Tuesday, July 27, 2010

Electronic invoicing gains momentum

Posted by Mark Brousseau

Accounts Payable (AP) functions are still drowning in paper, but that may be about to change. According to APQC’s Open Standards Benchmarking in accounts payable, on average 69.4 percent of invoices still require manual re-keying of line-item data, and only 20.1 percent of invoice line items are received electronically. Although myriad technologies perform an incredible array of tasks in successful companies around the globe, APQC (www.apqc.org) notes that AP departments are only now approaching the crucial tipping point where electronic invoicing will overtake manual, paper-based processes, a milestone expected to occur in 2011.

Electronic payment systems now on the market promise efficient communication, reliable audit trails, and faster/smoother data processing between internal departments and external suppliers. Differing systems offer various levels of transparency, approvals, and monitoring from procurement to payment. However, the common theme is less paper and less manual keying of data.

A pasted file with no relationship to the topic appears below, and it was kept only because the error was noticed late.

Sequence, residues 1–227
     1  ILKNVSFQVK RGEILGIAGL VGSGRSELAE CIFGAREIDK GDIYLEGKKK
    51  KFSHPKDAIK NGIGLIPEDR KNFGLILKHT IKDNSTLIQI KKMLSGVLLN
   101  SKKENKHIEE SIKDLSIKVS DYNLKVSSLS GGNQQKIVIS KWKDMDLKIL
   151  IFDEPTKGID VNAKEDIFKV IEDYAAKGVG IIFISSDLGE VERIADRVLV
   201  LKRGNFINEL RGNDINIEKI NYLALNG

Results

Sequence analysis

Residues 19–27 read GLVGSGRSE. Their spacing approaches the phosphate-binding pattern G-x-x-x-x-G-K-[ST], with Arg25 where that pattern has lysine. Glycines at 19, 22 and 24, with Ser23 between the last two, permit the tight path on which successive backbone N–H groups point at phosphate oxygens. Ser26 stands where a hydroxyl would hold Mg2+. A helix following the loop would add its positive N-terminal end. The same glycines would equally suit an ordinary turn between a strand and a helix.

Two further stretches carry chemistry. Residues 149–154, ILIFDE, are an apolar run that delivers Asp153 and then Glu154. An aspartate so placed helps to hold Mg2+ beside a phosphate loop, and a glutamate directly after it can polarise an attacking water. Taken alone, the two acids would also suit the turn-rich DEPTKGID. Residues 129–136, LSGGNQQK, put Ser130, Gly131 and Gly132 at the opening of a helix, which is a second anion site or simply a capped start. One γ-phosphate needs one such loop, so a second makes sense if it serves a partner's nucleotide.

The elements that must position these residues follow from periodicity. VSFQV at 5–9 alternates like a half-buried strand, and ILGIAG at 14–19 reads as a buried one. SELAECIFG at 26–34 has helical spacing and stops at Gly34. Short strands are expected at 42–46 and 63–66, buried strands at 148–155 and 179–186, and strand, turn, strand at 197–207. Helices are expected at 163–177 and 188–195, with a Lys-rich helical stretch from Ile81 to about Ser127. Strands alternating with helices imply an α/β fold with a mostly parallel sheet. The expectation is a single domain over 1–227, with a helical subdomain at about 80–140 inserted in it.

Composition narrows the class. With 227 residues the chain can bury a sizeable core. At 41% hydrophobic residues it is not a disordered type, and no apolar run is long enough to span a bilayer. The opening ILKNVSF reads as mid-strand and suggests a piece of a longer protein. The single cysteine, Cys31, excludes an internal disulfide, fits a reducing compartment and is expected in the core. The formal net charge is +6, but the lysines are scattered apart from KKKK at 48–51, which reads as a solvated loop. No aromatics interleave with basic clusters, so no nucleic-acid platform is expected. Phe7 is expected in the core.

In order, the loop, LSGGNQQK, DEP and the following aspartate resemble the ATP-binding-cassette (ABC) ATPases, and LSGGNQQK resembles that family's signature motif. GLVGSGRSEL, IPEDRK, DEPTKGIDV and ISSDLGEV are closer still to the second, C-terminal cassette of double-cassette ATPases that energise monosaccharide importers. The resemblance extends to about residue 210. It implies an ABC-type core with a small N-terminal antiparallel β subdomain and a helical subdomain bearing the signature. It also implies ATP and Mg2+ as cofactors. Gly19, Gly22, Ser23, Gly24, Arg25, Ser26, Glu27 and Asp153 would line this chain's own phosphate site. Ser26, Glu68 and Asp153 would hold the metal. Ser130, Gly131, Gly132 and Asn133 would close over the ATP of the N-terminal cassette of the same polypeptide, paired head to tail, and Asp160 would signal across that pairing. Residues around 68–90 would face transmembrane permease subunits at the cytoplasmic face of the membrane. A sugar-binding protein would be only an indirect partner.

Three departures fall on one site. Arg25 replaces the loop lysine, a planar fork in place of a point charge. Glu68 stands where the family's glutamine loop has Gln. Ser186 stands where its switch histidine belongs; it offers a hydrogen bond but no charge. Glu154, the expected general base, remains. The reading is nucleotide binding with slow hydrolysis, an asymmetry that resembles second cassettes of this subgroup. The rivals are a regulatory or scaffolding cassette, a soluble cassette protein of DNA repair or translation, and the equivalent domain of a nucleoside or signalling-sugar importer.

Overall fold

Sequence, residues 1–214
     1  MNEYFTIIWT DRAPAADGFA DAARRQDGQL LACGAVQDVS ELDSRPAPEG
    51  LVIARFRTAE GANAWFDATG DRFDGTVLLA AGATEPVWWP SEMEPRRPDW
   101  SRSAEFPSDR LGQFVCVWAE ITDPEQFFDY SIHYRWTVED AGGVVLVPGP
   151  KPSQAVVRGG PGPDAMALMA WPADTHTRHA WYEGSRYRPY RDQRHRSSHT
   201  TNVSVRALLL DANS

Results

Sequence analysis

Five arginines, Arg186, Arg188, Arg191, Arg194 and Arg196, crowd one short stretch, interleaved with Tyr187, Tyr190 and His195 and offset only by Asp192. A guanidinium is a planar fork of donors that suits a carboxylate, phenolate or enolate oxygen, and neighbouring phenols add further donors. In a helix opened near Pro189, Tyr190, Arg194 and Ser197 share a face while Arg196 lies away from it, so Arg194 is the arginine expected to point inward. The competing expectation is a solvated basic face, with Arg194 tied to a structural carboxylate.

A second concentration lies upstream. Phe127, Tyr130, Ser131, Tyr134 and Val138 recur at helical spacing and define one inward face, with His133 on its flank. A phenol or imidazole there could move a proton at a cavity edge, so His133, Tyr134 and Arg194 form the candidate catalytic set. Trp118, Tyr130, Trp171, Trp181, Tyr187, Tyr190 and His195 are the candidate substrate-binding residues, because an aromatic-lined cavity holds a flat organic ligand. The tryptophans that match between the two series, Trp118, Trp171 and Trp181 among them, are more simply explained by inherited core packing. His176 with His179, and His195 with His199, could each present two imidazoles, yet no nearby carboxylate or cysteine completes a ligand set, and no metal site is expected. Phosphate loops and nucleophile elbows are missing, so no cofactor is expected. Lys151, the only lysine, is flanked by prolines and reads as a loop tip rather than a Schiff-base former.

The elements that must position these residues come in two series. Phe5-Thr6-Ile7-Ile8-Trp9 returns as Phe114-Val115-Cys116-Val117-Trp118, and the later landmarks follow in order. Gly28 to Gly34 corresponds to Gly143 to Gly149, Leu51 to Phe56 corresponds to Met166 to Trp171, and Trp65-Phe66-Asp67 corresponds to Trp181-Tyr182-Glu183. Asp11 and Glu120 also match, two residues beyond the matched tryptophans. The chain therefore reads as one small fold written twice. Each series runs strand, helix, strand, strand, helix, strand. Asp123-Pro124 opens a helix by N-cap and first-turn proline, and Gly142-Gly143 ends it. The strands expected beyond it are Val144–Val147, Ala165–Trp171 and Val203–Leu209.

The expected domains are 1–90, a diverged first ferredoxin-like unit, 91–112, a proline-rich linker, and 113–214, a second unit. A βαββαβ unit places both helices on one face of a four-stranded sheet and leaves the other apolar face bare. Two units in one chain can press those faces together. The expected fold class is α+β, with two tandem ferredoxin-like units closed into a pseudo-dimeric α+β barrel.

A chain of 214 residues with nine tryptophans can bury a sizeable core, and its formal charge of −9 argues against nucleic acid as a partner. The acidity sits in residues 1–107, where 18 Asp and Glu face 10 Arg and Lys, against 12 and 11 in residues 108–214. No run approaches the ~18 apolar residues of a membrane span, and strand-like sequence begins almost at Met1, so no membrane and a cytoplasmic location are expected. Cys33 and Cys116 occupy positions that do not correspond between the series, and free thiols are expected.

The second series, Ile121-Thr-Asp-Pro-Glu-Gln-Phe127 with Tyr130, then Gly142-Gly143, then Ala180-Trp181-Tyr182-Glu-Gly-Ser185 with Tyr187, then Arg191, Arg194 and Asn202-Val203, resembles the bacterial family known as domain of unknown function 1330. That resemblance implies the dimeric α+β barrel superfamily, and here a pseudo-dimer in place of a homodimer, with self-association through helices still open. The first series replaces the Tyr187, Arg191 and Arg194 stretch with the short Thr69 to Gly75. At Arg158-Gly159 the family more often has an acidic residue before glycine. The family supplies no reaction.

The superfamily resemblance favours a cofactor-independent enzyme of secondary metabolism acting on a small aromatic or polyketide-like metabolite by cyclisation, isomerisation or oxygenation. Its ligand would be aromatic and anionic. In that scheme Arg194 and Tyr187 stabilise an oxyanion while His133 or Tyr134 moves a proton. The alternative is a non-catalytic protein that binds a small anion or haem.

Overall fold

APQC says a typical transaction begins when a purchase order request is entered into the buyer’s system; once a supervisor provides approval, the appropriate vendor is notified. The vendor then generates an invoice while simultaneously arranging delivery of their goods or services. The invoice is then routed electronically to the AP department, which matches the invoice to the purchase order and, often, other documents that prove that goods or services were received as expected. Once the verification is complete, the transfer of the payment is then triggered.

The level of automation and sophistication can vary widely; a PDF of an invoice sent via email sits on one end of the automation spectrum, with a fully “touchless” integrated system that connects buyer and seller at the other end.

Automated payment technology has been in place at many large companies for years, but the systems were often large-scale customized initiatives, expensive both to build and maintain. As more advanced technology tools arrive on the market, the costs as well as the barriers to implementation continue to fall, APQC concludes.

What do you think?

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